Disagreement is rare between Anne Arundel school Superintendent Eric J. Smith and the school board that hired him. Board members seldom question his decisions, at least not in public, and meetings at the Riva Road headquarters are about as explosive as a typical C-SPAN broadcast.

So the public outbursts against Smith by several board members in the past week may signal a major rift. The source of their ire: an audit, released last week, that found evidence of improper pay raises and signing bonuses awarded to top staff members, as well as lapses in crucial background checks on new hires.

Board members say they're shocked at the findings. Perhaps more important, they're upset at Smith. Why, board members ask, did they have no prior warning of the auditor's report that appeared on their desks in mid-July? For how long, they wonder, did the superintendent know of the financial irregularities and not tell them -- and are there other things he's holding back?

"Dr. Smith does not communicate with any of the board members on any kind of regular basis," said Ned Carey, who, having just ended a term as board president, spoke to Smith as much as anyone on the eight-person panel in the past year.

"We don't know what the plan is. He's never shared the plan with us. We only get bits and pieces of the plan. And he only seems to talk to me when he's in hot water. That's not how a CEO handles a business."

Carey and other board members say Smith's handling of the audit bombshell repeats a familiar pattern. Since his arrival in Anne Arundel three years ago, board members say, they have asked Smith repeatedly to be more communicative. Board members say he rarely seeks their advice or shares his plans, preferring to work with his staff and bring them finished products for their approval.

In return for his freedom, Smith says, board members are free to hold him accountable for results.

"When I was hired here, there was no surprise about my style," Smith said. "There's a million decisions that are made over the course of the week, and I believe that the superintendent, if they're to be effective and accomplish what the board wants them to accomplish, needs to make calls."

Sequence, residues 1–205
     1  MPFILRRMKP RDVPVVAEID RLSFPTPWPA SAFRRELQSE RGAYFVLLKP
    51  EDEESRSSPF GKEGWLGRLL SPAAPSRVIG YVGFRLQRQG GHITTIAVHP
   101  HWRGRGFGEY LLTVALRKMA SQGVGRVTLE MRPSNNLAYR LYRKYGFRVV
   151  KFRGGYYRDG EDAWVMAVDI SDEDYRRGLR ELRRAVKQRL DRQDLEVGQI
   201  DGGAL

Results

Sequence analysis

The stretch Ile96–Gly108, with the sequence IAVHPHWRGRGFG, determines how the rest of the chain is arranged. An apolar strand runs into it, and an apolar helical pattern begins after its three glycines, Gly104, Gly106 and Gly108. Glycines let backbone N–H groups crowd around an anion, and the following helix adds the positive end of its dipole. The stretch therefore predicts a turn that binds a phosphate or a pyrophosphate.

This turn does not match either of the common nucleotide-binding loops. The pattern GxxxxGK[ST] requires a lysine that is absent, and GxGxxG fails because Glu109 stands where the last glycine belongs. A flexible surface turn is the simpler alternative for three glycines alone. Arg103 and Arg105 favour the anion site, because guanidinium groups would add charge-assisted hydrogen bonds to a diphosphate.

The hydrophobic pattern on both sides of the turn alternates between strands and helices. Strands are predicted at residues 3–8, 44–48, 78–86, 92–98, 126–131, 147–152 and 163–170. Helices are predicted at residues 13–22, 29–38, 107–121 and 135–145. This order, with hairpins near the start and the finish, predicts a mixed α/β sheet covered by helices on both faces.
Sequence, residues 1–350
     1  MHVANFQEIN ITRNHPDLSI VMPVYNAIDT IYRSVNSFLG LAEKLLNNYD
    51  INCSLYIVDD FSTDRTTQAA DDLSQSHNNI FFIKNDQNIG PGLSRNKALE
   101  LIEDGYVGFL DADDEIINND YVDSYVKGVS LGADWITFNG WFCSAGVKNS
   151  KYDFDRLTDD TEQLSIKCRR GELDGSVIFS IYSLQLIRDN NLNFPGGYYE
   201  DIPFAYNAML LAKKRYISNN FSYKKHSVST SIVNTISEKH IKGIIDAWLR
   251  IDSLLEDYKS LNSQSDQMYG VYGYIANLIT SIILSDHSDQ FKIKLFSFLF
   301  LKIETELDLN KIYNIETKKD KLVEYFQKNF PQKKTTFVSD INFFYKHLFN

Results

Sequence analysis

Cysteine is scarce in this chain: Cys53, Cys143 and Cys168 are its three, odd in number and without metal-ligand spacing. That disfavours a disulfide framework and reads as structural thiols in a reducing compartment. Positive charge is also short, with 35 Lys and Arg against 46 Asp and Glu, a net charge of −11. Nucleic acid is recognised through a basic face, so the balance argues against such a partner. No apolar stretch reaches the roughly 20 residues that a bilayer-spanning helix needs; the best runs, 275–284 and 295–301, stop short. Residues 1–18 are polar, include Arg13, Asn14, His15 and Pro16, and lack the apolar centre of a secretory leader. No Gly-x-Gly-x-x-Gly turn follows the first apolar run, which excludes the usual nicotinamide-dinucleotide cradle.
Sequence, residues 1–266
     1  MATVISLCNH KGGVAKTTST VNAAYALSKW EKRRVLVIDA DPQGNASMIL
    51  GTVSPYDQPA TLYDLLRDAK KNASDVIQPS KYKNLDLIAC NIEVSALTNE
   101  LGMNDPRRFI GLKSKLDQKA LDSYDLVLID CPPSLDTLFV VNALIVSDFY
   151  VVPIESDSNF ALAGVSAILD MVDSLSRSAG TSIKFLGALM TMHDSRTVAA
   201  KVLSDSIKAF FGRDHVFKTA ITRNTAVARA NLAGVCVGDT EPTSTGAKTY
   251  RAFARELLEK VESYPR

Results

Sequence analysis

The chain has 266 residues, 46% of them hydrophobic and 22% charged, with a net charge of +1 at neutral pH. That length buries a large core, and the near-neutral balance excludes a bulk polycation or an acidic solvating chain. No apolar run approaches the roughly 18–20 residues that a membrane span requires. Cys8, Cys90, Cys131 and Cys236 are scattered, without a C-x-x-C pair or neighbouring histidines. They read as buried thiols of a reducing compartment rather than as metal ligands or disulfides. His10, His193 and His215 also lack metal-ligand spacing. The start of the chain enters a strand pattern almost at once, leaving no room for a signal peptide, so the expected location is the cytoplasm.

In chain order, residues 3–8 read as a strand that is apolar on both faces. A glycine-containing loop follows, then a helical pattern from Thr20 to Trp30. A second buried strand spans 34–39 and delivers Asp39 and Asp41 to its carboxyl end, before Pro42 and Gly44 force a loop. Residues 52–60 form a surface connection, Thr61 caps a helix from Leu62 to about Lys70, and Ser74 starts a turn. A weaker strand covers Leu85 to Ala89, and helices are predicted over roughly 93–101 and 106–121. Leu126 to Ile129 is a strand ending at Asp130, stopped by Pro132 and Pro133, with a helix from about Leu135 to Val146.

Smith's relationship with both the school board and the staff is somewhat formal. He generally lets aides place his telephone calls. He is seldom seen without a tie. He is not the sort of school administrator one might expect to don a chicken costume or sit in a dunking tank.

"I'm trying to think of whether we've done anything with him in an informal setting," said board member Eugene Peterson, who enjoys a fairly strong rapport with Smith and speaks to him often by telephone.

Peterson said he once suggested that Smith host a barbecue at the administration building as a way to bond with the staff. Smith said it sounded like a good idea. When he heard nothing and brought it up again, Peterson recalled, Smith told him, "The more I talked about it, the more it became like an assignment, and so we dropped it."

"I've talked to him personally about the need to communicate with school board members," Peterson said, "and for some reason, his management style doesn't lead to that kind of activity. He tries to charge off on his own, and I guess it's his show."

Perhaps because Smith tends not to share the inner workings of his operation with the board, members now wonder whether he kept the audit findings to himself for weeks or months before they were presented with the final document.

Smith said he first saw the audit report a week before it was delivered to the board. He said he purposely avoided asking his staff or the school board auditor, Walter Federowicz, to discuss the work in progress, so as not to appear to steer the results. He said a subordinate approached him about a month ago with just one of the auditor's findings, concerning lapses in background checks, because she felt it required immediate action.

"I just kind of forget about it, and let Walter do his thing," said Smith, who, along with the board, has requested about a half-dozen audits from Federowicz, most of them yielding comparatively unremarkable findings. "I don't ask staff where he's going or what he's asking. I think it would be wrong of me to interfere in that process."

Some school board members say Smith must have known what was coming, considering that he typically keeps in constant contact with his top staff, and that staffers were asked to respond in writing to many of the auditor's findings.

"For him to say that he didn't see it all along, I find that hard to believe," Carey said.

Many lingering questions focus on one of the 23 specific findings in the 47-page audit. The audit revealed that a series of payments totaling $21,000 were made to four top executives hired in 2003 and 2004, all of them made on or before the day the employees reported to work.

The four new hires were paid for consulting or "pre-employment activities" out of an unrestricted payroll account, according to Peterson, who said he has researched the payments and considers them highly improper. Smith contends the payments don't violate school board policy.

In essence, Peterson said, the executives were promised compensation before the board had approved their hire.

"I'm still trying to find out how you pay a person money before they're employed," he said. "Because until we say they're employed, they're not employees. . . . What if we didn't vote to approve all these people? What would we do then?"